Posts Tagged: Office


11
Oct 17

Microsoft’s October Patch Batch Fixes 62 Flaws

Microsoft on Tuesday released software updates to fix at least 62 security vulnerabilities in Windows, Office and other software. Two of those flaws were detailed publicly before yesterday’s patches were released, and one of them is already being exploited in active attacks, so attackers already have a head start.

brokenwindowsRoughly half of the flaws Microsoft addressed this week are in the code that makes up various versions of Windows, and 28 of them were labeled “critical” — meaning malware or malicious attackers could use the weaknesses to break into Windows computers remotely with no help from users.

One of the publicly disclosed Windows flaws (CVE-2017-8703) fixed in this batch is a problem with a feature only present in Windows 10 known as the Windows Subsystem for Linux, which allows Windows 10 users to run unmodified Linux binary files. Researchers at CheckPoint recently released some interesting research worth reading about how attackers might soon use this capability to bypass antivirus and other security solutions on Windows. Continue reading →


11
Jul 17

Adobe, Microsoft Push Critical Security Fixes

It’s Patch Tuesday, again. That is, if you run Microsoft Windows or Adobe products. Microsoft issued a dozen patch bundles to fix at least 54 security flaws in Windows and associated software. Separately, Adobe’s got a new version of its Flash Player available that addresses at least three vulnerabilities.

brokenwindowsThe updates from Microsoft concern many of the usual program groups that seem to need monthly security fixes, including Windows, Internet Explorer, Edge, Office, .NET Framework and Exchange.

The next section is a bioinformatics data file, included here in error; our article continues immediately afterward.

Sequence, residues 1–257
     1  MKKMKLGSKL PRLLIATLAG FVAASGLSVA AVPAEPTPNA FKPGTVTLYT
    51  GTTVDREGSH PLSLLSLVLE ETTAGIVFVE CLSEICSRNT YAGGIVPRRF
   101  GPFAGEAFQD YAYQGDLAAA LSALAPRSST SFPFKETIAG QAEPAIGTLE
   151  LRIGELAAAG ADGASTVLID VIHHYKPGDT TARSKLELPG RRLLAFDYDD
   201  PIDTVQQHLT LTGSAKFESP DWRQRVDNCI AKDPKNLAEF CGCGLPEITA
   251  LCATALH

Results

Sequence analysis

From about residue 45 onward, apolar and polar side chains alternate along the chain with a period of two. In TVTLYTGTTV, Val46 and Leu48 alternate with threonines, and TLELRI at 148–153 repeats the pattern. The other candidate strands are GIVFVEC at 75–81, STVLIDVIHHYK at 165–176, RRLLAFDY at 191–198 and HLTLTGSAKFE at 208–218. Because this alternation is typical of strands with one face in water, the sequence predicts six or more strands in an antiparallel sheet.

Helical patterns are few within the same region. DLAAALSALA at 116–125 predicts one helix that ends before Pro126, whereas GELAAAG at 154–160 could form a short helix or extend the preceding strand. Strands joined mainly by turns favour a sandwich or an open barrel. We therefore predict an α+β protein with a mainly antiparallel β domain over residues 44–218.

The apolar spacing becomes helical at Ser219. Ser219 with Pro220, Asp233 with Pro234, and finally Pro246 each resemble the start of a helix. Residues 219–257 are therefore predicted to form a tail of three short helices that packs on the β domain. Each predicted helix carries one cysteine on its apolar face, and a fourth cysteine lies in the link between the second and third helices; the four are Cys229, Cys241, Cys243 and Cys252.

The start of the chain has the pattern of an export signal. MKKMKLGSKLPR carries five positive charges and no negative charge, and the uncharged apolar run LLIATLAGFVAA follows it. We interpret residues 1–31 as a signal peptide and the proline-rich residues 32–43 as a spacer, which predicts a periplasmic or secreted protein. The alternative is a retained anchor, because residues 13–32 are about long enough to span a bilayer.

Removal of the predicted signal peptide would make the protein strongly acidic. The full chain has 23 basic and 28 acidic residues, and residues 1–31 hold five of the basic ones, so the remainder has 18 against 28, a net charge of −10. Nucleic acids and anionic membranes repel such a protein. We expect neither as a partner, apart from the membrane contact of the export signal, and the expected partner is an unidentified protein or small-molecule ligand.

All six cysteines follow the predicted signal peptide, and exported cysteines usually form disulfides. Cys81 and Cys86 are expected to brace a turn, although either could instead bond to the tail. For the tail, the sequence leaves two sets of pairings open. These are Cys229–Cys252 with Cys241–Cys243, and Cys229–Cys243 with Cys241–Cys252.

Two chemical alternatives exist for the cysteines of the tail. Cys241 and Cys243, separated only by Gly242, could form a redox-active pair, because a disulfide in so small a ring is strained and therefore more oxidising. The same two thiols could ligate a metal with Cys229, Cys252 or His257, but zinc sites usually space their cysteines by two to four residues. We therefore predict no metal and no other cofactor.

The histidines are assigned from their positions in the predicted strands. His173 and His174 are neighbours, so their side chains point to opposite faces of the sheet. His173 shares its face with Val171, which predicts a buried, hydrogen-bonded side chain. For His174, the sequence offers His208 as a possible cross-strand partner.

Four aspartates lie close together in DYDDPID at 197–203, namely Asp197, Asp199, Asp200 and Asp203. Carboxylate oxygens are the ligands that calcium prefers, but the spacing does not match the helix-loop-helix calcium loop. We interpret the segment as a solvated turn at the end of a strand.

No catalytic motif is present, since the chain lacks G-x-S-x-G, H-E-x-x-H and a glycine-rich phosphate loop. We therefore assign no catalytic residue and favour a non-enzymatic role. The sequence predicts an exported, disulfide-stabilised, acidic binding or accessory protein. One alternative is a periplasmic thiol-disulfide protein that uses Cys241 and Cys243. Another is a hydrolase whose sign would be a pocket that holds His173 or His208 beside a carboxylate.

According to security firm Qualys, the Windows update that is most urgent for enterprises tackles a critical bug in the Windows Search Service that could be exploited remotely via the SMB file-sharing service built into both Windows workstations and servers.

Qualys says the issue affects Windows Server 2016, 2012, 2008 R2, 2008 as well as desktop systems like Windows 10, 7 and 8.1.

“While this vulnerability can leverage SMB as an attack vector, this is not a vulnerability in SMB itself, and is not related to the recent SMB vulnerabilities leveraged by EternalBlue, WannaCry, and Petya.” Qualys notes, referring to the recent rash of ransomware attacks which leveraged similar vulnerabilities.

Other critical fixes of note in this month’s release from Microsoft include at least three vulnerabilities in Microsoft’s built-in browser — Edge or Internet Explorer depending on your version of Windows. There are at least three serious flaws in these browsers that were publicly detailed prior to today’s release, suggesting that malicious hackers may have had some advance notice on figuring out how to exploit these weaknesses.

brokenflash-aAs it is accustomed to doing on Microsoft’s Patch Tuesday, Adobe released a new version of its Flash Player browser plugin that addresses a trio of flaws in that program.

The latest update brings Flash to v. 26.0.0.137 for Windows, Mac and Linux users alike. If you have Flash installed, you should update, hobble or remove Flash as soon as possible. To see which version of Flash your browser may have installed, check out this page. Continue reading →


13
Jul 10

Microsoft Security Updates, and a Farewell to Windows XP Service Pack 2

Microsoft today released software updates to fix at least five security vulnerabilities in computers running its Windows operating system and Office applications. Today also marks the planned end-of-life deadline for Windows XP Service Pack 2, a bundle of security updates and features that Microsoft first released in 2004.

Four out of five of the flaws fixed in today’s patch batch earned a “critical” rating, Redmond’s most severe. Chief among them is a bug in the Help and Support Center on Windows XP and Server 2003 systems that’s currently being exploited by crooks to break into vulnerable machines. Microsoft released an interim “FixIt” tool last month to help users blunt the threat from this flaw, and users who applied that fix still should install this patch (and no, you don’t need to undo the FixIt setting first). Update 5:50 p.m. ET: I stand corrected on this — it looks like Microsoft won’t offer the patch for this flaw if you’ve already used the FixIt tool.

Continue reading →